The HP ProBook 650 G2 is the business laptop for those who want the past and the future in one system. The 15-inch notebook ($760 as tested; $1,167 as reviewed) provides a 1080p display and a USB Type-C port, as well as an optical disc drive and a serial port. Companies making the transition to the latest hardware will be able to maintain their legacy peripherals in the process, as long as they're willing to deal with a screen that isn't as vivid as competitors' panels and a keyboard that's slightly sticky.
The HP ProBook 650 G2 has an all-plastic, no-frills design that feels a bit cheap but keeps all of the focus on your work. The lid is matte black with HP's logo in reflective plastic. When you open the lid, you'll see the 15.6-inch, 1080p display surrounded by a chunky black bezel, as well as the full, backlit, island-style keyboard with a number pad and a shiny silver deck.
At 4.8 pounds and 14.9 x 10.1 x 1.1 inches, the ProBook 650 G2 falls in line with the competition, size-wise. The Toshiba Tecra Z50 (5 pounds, 15 x 10.1 x 0.9 inches) is a bit larger, the Lenovo ThinkPad T560 (4.8 pounds, 15 x 10.2 x 0.9 inches) is a little slimmer and the Dell Latitude E5570 (5.6 pounds, 14.8 x 9.9 x 0.9 inches) is slimmer but far heavier.
The ProBook 650 G2 has a port for just about everything. On the left side of the laptop, you'll find a lock slot, CD/DVD drive and smart card reader. The headphone jack, a USB Type-C port, a DisplayPort, a pair of USB 3.0 ports, an Ethernet jack, a SIM card slot and an SD card reader are on the right.
Still not enough? If you're still clinging to that gear from the '80s, you'll be happy to find a VGA output and serial port on the back of the machine.
Durability and Security
The ProBook should be able to handle getting knocked around on your commute. HP claims that the ProBook 650 is MIL-STD-810G tested to withstand drops, dust, vibrations and shocks. Additionally, the ProBook includes a spill-resistant keyboard.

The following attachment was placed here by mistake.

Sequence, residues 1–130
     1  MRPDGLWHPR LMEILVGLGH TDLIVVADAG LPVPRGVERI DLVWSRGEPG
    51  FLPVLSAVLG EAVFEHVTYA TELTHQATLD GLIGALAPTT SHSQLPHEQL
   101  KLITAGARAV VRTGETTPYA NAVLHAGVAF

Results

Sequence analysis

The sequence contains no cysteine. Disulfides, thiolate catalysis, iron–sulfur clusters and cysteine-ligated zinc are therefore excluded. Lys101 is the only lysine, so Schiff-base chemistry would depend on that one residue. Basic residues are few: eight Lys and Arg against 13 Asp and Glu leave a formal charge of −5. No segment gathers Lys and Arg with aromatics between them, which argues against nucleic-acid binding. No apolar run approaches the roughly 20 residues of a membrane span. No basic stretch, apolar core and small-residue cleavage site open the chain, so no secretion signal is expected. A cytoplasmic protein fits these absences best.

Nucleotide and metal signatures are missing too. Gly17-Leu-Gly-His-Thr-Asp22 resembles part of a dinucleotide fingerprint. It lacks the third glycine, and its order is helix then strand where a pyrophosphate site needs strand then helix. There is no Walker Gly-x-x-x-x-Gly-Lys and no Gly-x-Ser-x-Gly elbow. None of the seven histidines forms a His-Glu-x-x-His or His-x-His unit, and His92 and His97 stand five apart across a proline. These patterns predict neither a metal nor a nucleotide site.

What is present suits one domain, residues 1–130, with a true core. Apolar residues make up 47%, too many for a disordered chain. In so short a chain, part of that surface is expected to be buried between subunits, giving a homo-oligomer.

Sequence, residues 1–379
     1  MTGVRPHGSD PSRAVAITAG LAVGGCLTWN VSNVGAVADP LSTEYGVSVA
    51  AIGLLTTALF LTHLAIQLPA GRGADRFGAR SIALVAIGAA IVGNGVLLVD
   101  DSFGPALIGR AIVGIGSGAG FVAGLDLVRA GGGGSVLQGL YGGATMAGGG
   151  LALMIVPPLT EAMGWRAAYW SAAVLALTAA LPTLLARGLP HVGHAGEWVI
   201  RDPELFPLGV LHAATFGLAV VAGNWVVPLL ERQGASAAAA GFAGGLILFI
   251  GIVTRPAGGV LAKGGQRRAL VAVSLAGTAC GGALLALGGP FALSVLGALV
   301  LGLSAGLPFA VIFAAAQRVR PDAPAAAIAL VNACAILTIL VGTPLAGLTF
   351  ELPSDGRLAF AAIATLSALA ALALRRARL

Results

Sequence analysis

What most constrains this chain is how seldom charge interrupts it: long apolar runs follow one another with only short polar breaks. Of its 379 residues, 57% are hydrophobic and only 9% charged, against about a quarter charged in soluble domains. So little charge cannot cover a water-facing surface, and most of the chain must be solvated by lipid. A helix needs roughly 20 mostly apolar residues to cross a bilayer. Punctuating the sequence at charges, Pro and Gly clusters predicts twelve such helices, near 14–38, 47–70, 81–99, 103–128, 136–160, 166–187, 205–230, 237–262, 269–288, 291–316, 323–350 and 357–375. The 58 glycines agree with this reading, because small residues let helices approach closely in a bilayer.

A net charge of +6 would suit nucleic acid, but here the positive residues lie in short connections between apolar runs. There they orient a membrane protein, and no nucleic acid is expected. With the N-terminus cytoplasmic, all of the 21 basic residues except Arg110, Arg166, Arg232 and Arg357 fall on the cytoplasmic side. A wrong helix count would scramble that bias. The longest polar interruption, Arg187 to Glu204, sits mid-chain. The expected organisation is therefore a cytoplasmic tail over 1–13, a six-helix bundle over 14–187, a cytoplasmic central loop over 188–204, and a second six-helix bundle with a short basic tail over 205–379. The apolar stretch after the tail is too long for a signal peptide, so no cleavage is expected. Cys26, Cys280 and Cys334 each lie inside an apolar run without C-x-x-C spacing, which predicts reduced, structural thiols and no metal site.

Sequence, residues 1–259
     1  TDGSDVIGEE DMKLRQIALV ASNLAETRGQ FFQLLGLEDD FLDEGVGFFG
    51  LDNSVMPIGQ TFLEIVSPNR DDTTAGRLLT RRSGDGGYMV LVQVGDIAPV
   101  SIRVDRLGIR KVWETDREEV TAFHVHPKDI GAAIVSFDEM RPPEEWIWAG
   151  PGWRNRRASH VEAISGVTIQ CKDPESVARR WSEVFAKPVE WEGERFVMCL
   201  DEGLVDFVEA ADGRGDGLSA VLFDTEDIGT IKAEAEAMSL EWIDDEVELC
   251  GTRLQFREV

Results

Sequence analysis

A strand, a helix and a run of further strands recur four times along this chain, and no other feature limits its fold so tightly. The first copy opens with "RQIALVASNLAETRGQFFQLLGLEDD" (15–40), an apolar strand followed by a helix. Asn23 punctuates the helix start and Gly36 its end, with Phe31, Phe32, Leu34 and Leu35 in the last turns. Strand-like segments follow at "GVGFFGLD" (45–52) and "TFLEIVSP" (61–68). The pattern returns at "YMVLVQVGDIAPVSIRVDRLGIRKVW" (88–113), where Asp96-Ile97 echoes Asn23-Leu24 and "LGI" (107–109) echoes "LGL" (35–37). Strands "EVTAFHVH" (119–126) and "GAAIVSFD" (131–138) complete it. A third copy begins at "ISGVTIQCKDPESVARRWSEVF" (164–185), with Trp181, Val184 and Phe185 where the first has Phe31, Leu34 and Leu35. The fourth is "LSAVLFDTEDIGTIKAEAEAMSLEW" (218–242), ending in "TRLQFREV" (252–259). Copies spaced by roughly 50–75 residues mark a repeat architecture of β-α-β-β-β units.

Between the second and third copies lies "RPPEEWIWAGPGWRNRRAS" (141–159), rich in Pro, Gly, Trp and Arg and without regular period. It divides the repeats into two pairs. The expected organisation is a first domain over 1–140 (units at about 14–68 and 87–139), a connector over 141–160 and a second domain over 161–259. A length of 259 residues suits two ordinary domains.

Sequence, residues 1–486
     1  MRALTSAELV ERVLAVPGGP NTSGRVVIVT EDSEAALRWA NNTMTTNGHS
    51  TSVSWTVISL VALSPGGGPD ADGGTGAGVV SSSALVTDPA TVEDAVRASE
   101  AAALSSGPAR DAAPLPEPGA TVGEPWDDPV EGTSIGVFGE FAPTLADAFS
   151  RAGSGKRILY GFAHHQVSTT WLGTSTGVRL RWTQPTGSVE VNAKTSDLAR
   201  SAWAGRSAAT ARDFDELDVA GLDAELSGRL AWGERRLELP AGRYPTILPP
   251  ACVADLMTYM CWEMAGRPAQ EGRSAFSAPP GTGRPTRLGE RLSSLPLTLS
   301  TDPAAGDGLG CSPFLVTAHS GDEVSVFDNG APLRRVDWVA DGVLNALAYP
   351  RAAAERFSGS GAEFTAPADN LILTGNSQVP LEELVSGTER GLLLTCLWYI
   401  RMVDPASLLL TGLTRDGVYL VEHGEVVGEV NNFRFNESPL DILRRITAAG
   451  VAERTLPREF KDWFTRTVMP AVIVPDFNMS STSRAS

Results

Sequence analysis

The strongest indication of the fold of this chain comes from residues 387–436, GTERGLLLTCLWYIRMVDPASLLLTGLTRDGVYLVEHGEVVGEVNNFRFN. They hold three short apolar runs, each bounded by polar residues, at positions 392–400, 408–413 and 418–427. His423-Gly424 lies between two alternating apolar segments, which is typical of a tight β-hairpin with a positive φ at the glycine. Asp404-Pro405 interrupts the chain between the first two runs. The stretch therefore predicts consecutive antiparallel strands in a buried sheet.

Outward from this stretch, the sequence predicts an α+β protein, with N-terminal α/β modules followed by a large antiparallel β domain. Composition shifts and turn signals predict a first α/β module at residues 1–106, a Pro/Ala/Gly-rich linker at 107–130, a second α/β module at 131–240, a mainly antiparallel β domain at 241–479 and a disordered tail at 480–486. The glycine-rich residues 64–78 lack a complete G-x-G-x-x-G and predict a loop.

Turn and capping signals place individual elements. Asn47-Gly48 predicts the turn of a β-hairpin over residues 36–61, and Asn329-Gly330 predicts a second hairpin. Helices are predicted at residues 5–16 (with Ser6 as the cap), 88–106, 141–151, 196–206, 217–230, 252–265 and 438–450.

It also has some built-in security features to keep your IT department happy. Models with vPro are available for remote management, and the computer uses TPM to encrypt sensitive data. Our Windows 7-powered review unit included a fingerprint reader. I was able to set up the reader easily using HP's Client Security software, but if you're using Windows 10, you could opt for Windows Hello.
The ProBook also includes HP BIOSphere technology, which can restore the system to a safe state if it is damaged or corrupted.
The 15.6-inch, 1080p display on the ProBook is very bright, but not incredibly vivid. When I watched the trailer for Justice League, I could see all of the sparks and lightning that indicate the Flash's superhuman speed, but actor Ezra Miller's red shirt appeared to be brown. A blue light on Cyborg's forehead appeared white.
In our tests, the ProBook's display reproduced 82.2 percent of the sRGB color gamut, which is less than the mainstream category average (92 percent), as well as the Latitude E5570 (107 percent) and the Tecra Z50 (117 percent). In this group, only the ThinkPad T560 (71 percent) was less vivid.
The display's Delta-E color accuracy score of 3.5 (zero is best) is worse than the mainstream average of 2.3. The Tecra Z50 did worse (4.2), while the ThinkPad T560 (0.6) and Latitude E5570 (0.7) had far better scores.
But when it came to brightness, the ProBook outshone the competition. It reached an average of 355 nits, surpassing the 269-nit average. The ThinkPad T560 (237 nits), Latitude E5570 (242 nits) and Tecra Z50 (285 nits) were dimmer.
Keyboard and Touchpad
I tripped over my own fingers when I typed on the ProBook's keyboard. While the keys have a comfy 1.5 millimeters of travel and require 58 grams of force to press down, I felt that the keys were a bit sticky and didn't pop up immediately after I pressed them. I typed just a tad more slowly than usual on the 10fastfingers.com tying test (104 words per minute, down from about 107 wpm), and my errors skyrocketed from my average of 2 percent to 6 percent.
The 4 x 2.2-inch Synaptics touchpad was smooth, accurate and responsive to gestures such as pinching to zoom and scrolling with two fingers.
The speakers on the ProBook can easily fill a room with sound. When I listened to Redbone's "Come and Get Your Love," I heard the guitars, sitar and vocals clearly from anywhere in a medium-size conference room. I could make out the drums, but I wish they stood out more, and I couldn't make out the bass at all.
The DTS Studio Sound software that comes preinstalled includes a few equalizer presets. Switch from Voice to Music for the best listening experience.